Aradhana-Gupta-Satya-2Satya 2 has a lot of extracts from Satya, Company, Sarkar and even Shiva, but it is now understood that all films based on the underworld are derivatives of Satya. RGV has crafted the film brilliantly and the way he stretches its boundaries will make you sit up. Being the fanboy I am, I had tears rolling down my cheeks and the only reason I controlled myself from breaking down and sobbing like a sissy was that I didn’t want to miss even one frame of Satya 2.

Satya 2 isn’t a classic and some might say it should never have been made, and those expecting classic scene after classic scene will be underwhelmed because there isn’t even one, but I say it is a worthy sequel to Satya and is very exciting. The madness goes on and you gape unbelievably at the screen as the body-count increases, half-expecting a bullet to, without a warning or sign, hit you right between the eyes or pierce your black heart. Boys and girls, this is Ram Gopal Varma fully in control. Satya 2 is his way of setting all his wrongs right, and it is the director rectifying all his past errors, and this is him indulging himself without taking you for granted. Satya 2 is a treat from RGV, even rgv_ramgopalvarmathough he still likes to show ugly, almost disfigured gents as henchmen, and makes his actresses strike the most absurd poses and dance in the tackiest of ways.

And just when you start counting on your fingers how much of Satya the man is giving a spin to, Satya 2 takes on a life of its own. Satya made me want to own a gun. Satya 2 makes me want to buy a baseball bat. And just when you thought RGV was dying of thirst in a desert under a merciless sun, you see him wiping the sweat off his brow and walking towards you, dragging a loaded canon.


RGV Film Reviews: Satya | Company | Rann | Phoonk 2 | Not A Love Story | Department | Bhoot Returns

DOWNLOAD EVIL MUSIC: Devil Worship | The Darkness Of Being | Snowless | In The Name Of Satan


Theory of Negation and Some More Negation


Before I begin, I would like to thank Aditya for letting me write this piece for MKK. Not many places that spew actual truth like this website does, mutual asslicking is the bane of progress and it is only through the way of realization of the cold, hard, bitter truth that excellence can be achieved.

dushyant dubeySo I’ve been around for a while, even though most MKK readers might not find me familiar, I’ve been the editor of Metalabad, a website that has been providing coverage for the Gujarat Rock scene since the past five years. Recently, I moved to Bombay to complete an internship and even more recently, I happened to attend a concert in the city.

“Grand Mammoth Festival” it was called. Although a more apt title would have been “Modest Mammoth Pub gig” but regardless of the name, the concert had some promising bands on the lineup which included the newly formed Trinergic (or did Dystopia change their name? idk), the quickly-moving-up-the-ranks Orion, Cosmic Infusion, Atmosfear and Zygnema. There were two other bands namely Fire Monx and Orcus who I shall not talk about since I wasn’t able to see them.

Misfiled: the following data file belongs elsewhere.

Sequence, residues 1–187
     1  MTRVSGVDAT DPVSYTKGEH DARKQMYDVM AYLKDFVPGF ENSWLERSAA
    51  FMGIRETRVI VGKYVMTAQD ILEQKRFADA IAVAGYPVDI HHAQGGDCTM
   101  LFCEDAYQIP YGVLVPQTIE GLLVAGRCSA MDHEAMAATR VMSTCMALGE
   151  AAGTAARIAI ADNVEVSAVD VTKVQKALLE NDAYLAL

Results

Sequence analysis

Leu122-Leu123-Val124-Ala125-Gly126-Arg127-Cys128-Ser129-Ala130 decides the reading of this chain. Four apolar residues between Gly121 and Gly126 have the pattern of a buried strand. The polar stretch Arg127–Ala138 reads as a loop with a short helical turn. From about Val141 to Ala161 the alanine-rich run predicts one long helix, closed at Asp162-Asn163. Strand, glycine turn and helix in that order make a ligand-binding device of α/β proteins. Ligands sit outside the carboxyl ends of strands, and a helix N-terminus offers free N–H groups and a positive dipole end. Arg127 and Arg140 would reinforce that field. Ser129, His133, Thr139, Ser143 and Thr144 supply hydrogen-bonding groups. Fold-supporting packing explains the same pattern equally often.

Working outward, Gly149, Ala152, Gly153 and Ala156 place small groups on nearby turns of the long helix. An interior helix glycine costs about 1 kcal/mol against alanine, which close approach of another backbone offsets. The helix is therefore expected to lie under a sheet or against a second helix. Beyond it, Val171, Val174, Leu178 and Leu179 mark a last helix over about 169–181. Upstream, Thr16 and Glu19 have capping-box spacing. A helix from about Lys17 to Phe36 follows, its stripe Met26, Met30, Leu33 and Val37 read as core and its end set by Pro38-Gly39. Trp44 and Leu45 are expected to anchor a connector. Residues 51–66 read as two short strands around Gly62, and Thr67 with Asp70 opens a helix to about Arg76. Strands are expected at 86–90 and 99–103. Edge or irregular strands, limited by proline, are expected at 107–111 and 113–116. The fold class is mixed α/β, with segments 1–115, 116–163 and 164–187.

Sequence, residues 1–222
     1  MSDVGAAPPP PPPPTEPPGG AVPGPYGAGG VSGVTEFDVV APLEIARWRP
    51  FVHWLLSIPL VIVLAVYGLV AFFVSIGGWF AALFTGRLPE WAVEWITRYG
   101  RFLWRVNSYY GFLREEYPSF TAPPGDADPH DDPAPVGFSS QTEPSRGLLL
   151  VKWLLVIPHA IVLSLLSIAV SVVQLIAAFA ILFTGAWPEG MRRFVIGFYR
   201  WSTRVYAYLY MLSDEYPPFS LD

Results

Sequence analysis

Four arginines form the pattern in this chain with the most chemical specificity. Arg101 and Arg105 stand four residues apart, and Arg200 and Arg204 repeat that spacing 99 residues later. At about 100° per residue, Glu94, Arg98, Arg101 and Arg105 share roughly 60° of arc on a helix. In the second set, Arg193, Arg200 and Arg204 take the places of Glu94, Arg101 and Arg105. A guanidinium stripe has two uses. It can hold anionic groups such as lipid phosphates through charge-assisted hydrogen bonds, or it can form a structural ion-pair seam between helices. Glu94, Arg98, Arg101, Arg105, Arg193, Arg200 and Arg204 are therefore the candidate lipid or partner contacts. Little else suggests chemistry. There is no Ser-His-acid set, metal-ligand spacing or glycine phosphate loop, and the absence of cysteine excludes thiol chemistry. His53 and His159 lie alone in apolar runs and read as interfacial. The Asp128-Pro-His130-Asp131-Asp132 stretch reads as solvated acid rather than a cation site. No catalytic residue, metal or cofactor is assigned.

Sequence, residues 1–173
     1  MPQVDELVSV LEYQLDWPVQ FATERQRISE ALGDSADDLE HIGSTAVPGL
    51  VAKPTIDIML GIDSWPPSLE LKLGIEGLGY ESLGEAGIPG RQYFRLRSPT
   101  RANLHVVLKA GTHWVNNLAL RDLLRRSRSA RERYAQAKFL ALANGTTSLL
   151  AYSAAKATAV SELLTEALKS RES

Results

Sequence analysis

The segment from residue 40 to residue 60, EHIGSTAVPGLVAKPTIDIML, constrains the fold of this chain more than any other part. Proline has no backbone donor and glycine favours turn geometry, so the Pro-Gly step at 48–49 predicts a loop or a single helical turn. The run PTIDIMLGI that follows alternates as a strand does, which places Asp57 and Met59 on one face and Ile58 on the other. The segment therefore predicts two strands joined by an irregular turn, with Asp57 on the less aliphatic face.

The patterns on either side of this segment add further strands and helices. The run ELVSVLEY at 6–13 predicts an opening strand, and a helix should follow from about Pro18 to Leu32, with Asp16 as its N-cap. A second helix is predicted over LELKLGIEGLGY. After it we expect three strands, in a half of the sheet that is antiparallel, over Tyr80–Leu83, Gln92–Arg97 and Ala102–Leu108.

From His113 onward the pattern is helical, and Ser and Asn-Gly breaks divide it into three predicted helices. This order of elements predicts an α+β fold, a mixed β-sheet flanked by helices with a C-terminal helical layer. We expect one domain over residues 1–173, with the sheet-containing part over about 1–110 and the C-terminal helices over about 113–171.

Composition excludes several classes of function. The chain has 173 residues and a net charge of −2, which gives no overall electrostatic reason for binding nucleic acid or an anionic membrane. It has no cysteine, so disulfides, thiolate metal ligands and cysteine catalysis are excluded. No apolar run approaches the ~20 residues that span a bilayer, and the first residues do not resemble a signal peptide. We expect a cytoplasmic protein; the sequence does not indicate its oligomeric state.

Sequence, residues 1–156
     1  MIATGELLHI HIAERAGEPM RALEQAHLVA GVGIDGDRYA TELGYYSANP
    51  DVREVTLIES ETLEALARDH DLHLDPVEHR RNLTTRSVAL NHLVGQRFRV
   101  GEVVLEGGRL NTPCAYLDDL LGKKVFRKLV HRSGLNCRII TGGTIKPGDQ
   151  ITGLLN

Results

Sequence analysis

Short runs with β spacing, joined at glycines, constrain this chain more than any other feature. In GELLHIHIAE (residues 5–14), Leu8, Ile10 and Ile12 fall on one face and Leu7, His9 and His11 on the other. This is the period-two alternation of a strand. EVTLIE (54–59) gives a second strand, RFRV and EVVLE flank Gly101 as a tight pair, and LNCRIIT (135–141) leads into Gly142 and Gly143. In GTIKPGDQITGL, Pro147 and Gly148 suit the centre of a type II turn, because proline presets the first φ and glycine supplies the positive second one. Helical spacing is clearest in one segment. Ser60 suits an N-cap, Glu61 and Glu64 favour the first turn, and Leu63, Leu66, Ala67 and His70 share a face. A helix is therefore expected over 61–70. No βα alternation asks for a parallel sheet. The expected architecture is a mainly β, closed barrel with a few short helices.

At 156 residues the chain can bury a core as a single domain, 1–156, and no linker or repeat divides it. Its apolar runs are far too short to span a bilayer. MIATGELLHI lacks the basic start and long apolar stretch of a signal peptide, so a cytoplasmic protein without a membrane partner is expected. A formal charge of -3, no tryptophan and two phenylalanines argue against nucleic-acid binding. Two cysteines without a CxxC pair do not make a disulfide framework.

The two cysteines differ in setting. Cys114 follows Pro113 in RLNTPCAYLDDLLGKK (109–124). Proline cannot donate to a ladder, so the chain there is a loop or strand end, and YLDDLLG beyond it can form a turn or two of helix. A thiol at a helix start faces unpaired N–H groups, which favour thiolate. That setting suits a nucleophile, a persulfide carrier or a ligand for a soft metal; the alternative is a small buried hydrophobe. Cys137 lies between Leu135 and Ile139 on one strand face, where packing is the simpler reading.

So I get to the venue and I take a look around, I see several familiar faces, faces belonging to the Bombay Metal scene, the oh-so-holy community that is looked up to by cities with smaller scenes such as mine. We all strive to be like Bombay some day, it’s a struggle, a dream, but it’s there. The Bombay scene and its bands are benchmarks of what we all want to be like, eventually, at some point.

I ask someone, “Has the concert begun?” to which I received an affirmative reply. I was late to the gig, but even so, what really made me ask this question was the fact that there was a large crowd of people outside the venue, happily drinking away at the bar and chatting with their buddies.

Not sure what to make of this, I went inside. The band Trinergic had just taken the stage. Comprised of nothing but pure talent, these guys were bringing the place down with their tight set. What I couldn’t help notice though was how there were barely any people inside the venue compared to the droves of drunkards I saw outside.

It’s probably just for the opening bands, I told myself, unable to reason with such ignorance and stuck around, relishing and basking in the sound of live Heavy Metal that we’re so starved for back in our home towns. Trinergic finished their set and Orion came on, I saw a few fresh faces enter, probably the friends and supporters of the band who went straight up to the front row. I strolled to the balcony and noticed that the numbers outside had only grown bigger.

The next band was Atmosfear, SURELY people were going to come in now! This band’s on the main bill after all! Such an experienced, almost universally-acclaimed band in the Metal circles shall surely see some serious fanfare!